The resignation of John Dalli, former European commissioner for health and consumer policy, remains shrouded in mystery – and MEPs are becoming increasingly restive about the continued lack of clarity.
Ingeborg Grässle, a centre-right German MEP who is leading an investigation by the budgetary-control committee, is not satisfied by a letter from the supervisory board of OLAF, the EU's anti-fraud office, which led the Dalli probe. The letter suggested procedural inadequacies in the committee's supervision of the OLAF investigation, but gave no specific details. Nor have the reasons been disclosed for the resignation of the head of OLAF's advisory board just days after Dalli's forced departure. And despite 154 questions from MEPs, no precise information has yet been provided on the trangressions that justified the Commission's insistence that Dalli (pictured below) should go.
“Up until now there has been no clear evidence that Dalli did something wrong,” said Richard Seeber, a centre-right Austrian MEP, on Tuesday (18 December). MEPs are insisting that it needs to be clear when a commissioner has to resign, and when not.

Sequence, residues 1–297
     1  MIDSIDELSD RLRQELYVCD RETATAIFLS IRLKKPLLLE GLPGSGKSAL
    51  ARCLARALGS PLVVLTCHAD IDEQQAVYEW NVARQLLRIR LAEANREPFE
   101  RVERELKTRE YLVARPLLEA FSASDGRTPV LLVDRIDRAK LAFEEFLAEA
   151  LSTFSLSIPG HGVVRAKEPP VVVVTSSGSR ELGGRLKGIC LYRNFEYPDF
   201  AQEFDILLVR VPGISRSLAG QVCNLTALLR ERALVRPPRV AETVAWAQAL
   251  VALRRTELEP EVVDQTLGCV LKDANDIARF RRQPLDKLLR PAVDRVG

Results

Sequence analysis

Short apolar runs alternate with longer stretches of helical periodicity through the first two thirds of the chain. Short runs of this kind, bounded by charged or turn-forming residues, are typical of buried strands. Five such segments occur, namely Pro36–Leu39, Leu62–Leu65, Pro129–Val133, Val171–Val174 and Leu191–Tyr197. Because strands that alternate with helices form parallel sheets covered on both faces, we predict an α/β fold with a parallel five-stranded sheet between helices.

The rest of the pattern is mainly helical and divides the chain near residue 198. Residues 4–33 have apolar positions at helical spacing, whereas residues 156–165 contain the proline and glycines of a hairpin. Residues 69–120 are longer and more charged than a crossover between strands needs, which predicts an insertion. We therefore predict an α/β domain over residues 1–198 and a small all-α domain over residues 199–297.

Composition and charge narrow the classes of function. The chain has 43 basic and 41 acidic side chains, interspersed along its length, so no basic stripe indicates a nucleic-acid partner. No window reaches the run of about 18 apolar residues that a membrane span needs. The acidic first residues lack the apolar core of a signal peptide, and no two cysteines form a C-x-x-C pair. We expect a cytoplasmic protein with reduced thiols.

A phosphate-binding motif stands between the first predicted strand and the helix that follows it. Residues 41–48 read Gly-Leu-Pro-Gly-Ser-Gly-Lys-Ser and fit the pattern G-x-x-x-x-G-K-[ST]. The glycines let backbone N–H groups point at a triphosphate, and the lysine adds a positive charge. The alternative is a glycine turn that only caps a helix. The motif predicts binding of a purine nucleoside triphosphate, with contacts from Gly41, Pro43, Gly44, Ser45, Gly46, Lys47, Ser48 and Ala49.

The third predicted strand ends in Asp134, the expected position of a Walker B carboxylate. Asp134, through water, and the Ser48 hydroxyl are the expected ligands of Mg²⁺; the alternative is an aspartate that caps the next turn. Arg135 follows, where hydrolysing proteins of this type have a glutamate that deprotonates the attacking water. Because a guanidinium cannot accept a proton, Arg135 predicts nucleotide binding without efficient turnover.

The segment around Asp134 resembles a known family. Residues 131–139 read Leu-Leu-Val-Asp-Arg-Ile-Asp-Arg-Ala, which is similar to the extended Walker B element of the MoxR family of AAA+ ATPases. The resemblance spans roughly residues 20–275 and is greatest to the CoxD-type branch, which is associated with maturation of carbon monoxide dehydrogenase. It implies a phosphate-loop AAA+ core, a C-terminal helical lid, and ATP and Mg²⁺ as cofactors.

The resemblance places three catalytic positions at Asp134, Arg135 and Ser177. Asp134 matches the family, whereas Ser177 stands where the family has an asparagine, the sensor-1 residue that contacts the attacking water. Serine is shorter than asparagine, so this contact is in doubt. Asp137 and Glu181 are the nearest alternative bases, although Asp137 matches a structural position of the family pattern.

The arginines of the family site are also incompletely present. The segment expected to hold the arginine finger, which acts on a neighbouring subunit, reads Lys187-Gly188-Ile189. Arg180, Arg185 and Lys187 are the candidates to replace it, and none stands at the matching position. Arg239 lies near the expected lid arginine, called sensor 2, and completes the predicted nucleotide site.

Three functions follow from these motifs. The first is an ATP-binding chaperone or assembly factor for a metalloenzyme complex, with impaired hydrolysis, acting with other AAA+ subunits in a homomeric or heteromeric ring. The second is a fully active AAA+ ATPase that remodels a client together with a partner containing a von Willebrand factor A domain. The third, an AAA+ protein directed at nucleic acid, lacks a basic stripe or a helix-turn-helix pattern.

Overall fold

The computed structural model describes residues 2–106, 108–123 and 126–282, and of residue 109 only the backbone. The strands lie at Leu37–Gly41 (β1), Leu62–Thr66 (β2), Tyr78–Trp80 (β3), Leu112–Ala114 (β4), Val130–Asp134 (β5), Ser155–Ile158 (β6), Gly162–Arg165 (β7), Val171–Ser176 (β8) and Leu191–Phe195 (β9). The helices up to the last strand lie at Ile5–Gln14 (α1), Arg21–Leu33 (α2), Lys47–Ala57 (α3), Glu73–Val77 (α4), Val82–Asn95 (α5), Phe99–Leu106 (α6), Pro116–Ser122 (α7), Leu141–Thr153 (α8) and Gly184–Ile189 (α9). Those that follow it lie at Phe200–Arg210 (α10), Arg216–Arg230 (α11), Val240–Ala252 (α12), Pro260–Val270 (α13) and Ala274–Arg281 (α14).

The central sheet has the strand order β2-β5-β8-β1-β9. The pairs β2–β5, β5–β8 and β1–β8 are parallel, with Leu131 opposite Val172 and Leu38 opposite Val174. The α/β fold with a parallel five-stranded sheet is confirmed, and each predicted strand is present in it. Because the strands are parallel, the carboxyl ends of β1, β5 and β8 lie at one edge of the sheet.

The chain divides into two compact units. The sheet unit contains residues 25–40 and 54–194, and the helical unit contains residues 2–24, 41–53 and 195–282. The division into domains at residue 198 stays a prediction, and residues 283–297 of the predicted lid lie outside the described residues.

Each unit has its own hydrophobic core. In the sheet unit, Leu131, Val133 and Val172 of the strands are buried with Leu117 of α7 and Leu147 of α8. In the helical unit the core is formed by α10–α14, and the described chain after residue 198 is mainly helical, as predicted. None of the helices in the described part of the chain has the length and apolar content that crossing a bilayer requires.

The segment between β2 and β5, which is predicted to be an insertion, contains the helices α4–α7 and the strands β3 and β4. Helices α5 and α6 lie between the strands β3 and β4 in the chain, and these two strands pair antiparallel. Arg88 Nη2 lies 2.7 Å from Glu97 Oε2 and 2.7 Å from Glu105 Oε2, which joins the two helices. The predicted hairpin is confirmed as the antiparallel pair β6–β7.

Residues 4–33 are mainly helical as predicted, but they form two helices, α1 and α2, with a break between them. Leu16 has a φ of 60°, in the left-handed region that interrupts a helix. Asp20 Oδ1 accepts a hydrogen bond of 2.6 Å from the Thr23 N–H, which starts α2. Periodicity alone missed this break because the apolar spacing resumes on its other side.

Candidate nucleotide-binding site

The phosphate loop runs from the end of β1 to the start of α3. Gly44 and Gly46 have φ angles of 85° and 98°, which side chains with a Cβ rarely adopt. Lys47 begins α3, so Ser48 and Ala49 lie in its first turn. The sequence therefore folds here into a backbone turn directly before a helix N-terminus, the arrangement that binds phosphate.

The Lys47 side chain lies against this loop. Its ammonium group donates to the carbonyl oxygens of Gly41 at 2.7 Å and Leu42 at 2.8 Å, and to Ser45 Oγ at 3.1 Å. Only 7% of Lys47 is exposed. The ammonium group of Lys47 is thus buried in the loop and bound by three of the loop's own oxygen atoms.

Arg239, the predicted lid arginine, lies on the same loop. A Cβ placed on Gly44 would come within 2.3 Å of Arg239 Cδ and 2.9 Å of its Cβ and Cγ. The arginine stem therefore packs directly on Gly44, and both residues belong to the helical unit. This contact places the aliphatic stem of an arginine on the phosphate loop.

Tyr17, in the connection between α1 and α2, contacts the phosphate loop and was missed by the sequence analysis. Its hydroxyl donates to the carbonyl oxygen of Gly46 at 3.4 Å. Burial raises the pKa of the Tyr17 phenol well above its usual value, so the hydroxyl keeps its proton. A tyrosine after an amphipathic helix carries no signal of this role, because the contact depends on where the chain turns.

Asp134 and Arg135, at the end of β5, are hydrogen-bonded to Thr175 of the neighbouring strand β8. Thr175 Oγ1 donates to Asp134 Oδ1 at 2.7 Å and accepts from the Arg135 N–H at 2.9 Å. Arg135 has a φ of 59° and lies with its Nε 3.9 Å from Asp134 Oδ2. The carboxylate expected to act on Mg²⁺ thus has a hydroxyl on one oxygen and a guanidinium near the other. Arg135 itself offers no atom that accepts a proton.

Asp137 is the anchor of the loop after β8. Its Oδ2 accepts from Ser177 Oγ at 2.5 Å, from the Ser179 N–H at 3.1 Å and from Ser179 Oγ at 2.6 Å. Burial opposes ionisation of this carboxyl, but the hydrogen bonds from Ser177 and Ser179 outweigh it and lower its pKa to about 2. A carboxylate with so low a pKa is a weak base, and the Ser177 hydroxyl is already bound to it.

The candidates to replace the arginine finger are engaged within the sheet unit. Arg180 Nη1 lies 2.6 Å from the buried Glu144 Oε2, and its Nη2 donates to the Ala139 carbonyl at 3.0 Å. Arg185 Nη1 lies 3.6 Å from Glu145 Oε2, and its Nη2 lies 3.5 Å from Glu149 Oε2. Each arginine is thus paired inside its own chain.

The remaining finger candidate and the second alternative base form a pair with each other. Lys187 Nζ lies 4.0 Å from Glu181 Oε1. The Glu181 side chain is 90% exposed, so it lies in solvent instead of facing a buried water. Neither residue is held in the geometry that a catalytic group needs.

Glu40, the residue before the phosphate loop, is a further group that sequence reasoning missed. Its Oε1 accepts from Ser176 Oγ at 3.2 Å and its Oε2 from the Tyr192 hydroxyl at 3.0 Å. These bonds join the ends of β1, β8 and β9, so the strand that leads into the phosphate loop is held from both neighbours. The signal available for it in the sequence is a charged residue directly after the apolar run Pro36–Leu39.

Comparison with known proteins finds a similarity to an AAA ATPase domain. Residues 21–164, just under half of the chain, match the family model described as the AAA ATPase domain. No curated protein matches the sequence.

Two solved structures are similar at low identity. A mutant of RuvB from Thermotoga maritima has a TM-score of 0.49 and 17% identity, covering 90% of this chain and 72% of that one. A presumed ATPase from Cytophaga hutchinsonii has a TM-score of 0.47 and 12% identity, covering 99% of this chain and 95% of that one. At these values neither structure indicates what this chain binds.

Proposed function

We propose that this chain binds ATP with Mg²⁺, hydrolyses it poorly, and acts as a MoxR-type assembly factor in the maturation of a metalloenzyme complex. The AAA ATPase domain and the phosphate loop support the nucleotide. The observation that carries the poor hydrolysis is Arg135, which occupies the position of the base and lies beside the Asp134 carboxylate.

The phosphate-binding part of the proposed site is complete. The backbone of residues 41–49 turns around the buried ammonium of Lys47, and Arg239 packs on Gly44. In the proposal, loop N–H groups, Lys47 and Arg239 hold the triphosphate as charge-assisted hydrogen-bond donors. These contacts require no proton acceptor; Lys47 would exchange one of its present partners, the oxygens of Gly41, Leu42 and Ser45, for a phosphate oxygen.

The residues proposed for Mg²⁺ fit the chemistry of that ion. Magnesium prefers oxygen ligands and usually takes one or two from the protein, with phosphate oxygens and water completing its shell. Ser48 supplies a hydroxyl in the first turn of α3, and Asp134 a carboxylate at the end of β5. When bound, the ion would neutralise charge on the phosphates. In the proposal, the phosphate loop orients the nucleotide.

A report from Corporate Europe Observatory last week concluded that if Dalli's infraction of the rules was not declaring meetings with tobacco lobbyists – a violation of an international World Health Organization convention – then several other high-ranking Commission officials are also guilty, including members of the private office of Commission President José Manuel Barroso. A Commission spokesperson said the meetings cited by the campaigning group had “been handled properly, in accordance with the rules applicable, and we have been transparent about them”.
Dalli yesterday (19 December) took legal action against tobacco company Swedish Match, which brought its suspicions of misconduct to OLAF. He has filed a complaint for defamation in the Court of First Instance, in Belgium.